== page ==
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Hollande and Sarkozy in Elysee duel

Francois Hollande, a mild-mannered French Socialist who wants to take better care of the jobless and the poor, is heading to a presidential run-off election against tough-on-immigration Nicolas Sarkozy in a vote which could alter Europe's political and economic landscape.

Mr Hollande heads into the May 6 second round with the upper hand after narrowly edging the conservative Mr Sarkozy in the first round of France's voting, according to near-complete official results.

In the campaign's biggest surprise, nearly one in five voters chose far right candidate Marine Le Pen instead, handing her a solid third place and a chance to weigh in on French politics with her anti-immigration platform that targets France's millions of Muslims.

With 93% of the vote counted, Mr Hollande had 28.4% of the ballots cast and Mr Sarkozy 27%, according to figures released by the Interior Ministry.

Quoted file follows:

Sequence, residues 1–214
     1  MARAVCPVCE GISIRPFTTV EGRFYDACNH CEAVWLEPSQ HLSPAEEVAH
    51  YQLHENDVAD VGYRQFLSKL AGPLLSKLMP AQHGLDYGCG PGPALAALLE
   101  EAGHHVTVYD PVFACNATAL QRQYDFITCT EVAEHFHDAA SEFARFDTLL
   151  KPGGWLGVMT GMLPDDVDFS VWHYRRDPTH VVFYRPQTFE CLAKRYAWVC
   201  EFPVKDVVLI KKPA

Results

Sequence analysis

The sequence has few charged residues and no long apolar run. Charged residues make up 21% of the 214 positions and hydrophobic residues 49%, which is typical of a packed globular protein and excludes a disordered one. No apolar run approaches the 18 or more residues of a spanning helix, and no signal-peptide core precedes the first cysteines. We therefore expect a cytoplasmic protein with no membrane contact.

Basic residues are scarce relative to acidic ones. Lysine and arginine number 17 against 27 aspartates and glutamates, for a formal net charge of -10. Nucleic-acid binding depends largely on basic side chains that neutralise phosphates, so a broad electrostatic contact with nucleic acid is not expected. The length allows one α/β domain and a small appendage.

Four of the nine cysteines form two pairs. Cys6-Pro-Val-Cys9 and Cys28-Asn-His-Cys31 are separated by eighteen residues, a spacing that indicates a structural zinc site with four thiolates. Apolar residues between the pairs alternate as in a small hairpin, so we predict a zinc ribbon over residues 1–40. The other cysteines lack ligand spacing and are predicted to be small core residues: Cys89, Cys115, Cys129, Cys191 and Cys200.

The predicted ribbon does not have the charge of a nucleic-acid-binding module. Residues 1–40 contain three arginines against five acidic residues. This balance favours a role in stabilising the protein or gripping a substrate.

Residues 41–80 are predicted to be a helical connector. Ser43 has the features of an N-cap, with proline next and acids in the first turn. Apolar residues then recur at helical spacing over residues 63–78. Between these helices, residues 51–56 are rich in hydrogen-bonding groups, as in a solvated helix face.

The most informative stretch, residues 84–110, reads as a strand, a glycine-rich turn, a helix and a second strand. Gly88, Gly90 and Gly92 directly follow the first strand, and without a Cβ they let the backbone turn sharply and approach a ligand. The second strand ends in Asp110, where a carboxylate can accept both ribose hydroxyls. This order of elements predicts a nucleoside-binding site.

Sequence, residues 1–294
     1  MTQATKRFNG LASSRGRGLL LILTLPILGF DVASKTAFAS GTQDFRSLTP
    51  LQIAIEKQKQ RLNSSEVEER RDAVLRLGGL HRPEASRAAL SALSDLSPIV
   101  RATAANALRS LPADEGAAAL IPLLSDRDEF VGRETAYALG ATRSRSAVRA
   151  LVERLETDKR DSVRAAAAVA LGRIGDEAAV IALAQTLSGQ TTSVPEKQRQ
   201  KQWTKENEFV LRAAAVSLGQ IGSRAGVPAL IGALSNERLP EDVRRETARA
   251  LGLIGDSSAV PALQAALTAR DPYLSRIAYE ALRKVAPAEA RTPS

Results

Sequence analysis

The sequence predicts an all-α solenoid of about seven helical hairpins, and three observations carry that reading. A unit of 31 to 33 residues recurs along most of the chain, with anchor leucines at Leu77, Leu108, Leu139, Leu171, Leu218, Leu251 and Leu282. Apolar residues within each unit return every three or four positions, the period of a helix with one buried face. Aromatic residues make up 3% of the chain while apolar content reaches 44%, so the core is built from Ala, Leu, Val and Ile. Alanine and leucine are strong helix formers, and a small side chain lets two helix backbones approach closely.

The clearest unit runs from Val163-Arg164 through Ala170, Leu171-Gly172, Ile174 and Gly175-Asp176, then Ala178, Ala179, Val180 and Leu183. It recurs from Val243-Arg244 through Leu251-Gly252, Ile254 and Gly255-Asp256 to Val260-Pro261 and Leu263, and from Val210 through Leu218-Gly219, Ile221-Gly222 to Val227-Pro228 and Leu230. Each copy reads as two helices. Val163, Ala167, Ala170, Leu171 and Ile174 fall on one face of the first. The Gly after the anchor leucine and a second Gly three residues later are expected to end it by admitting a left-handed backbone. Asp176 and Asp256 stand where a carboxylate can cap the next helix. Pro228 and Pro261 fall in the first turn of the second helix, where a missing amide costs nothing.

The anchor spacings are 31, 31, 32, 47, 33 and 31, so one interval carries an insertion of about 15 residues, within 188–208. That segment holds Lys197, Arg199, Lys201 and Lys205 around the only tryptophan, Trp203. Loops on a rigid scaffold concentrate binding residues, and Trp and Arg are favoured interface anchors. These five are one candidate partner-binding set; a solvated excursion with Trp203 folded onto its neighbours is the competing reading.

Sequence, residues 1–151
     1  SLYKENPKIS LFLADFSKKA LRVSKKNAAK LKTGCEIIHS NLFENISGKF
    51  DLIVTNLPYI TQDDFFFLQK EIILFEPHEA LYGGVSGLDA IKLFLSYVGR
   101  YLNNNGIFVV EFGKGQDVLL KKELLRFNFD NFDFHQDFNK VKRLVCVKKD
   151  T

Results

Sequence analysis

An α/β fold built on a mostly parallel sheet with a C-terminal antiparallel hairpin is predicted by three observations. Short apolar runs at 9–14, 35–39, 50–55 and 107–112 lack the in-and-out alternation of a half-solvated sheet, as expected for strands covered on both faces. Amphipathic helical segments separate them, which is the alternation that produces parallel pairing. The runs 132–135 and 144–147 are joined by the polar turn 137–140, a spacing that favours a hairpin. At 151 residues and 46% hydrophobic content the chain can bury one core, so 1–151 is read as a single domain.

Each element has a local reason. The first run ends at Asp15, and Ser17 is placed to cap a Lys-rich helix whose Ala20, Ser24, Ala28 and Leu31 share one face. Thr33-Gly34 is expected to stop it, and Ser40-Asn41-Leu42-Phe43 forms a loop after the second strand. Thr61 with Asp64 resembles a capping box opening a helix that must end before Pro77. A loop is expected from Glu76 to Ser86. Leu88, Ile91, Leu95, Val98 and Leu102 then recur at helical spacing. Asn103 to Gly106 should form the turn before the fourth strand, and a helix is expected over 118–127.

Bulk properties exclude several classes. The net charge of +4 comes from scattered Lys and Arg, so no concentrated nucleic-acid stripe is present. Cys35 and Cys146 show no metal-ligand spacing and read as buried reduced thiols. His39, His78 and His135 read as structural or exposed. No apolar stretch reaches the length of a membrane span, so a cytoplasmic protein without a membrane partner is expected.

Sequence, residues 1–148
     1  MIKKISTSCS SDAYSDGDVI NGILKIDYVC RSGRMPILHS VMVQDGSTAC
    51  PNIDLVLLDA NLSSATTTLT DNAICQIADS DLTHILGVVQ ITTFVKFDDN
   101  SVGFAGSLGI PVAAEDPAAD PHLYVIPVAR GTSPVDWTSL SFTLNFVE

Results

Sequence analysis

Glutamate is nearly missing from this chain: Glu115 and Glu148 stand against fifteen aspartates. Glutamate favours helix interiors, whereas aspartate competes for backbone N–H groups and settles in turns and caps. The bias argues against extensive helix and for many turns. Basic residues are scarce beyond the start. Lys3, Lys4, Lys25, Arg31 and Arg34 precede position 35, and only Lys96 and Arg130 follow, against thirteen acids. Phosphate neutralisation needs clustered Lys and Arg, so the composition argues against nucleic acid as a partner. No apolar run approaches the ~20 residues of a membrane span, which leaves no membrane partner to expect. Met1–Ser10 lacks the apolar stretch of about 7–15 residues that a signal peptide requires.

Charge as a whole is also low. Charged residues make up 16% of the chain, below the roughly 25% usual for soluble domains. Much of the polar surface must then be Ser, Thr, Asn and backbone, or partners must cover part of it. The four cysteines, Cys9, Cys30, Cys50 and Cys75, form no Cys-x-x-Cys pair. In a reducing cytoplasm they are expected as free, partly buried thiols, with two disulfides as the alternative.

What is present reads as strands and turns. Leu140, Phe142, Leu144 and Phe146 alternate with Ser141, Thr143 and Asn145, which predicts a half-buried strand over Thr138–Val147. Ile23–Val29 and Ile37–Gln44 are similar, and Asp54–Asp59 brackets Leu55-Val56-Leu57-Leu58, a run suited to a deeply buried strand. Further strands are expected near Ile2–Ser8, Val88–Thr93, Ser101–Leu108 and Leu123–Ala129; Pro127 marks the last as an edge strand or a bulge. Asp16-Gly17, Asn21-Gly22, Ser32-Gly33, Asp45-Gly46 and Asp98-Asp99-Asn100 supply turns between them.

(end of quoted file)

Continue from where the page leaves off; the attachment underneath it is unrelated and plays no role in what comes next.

Mr Le Pen was in third with 18.3% of the vote so far, the best showing ever by the far right National Front party founded by her father Jean-Marie Le Pen. In fourth place was left-wing firebrand Jean-Luc Melenchon with 11%, followed by centrist Francois Bayrou with 9.1% and five other candidates with minimal support.

Turnout was also surprisingly high, at more than 80%, despite concern that a campaign focusing on nostalgia for a more protected past would fail to inspire voters.

Mr Hollande, a 57-year-old who has worried financial markets with his pledges to boost government spending, vowed to cut France's huge debts, boost growth and unite the French after Mr Sarkozy's divisive first term.

"Tonight I become the candidate of all the forces who want to turn one page and turn over another," Mr Hollande, displaying a confidence and stately air he has often lacked during the campaign, told an exuberant crowd in his political fiefdom of Tulle in central France.

Mr Sarkozy, speaking at his campaign headquarters on Paris' Left Bank, said he recognised voters' concerns about jobs and immigration, and "the concern of our compatriots to preserve their way of life".

Ten candidates faced off for the first round of voting. Mr Sarkozy is battling to avoid becoming France's first one-term president since Valery Giscard d'Estaing lost to Socialist Francois Mitterrand in 1981. Mr Sarkozy has said he will pull out of politics if he loses.

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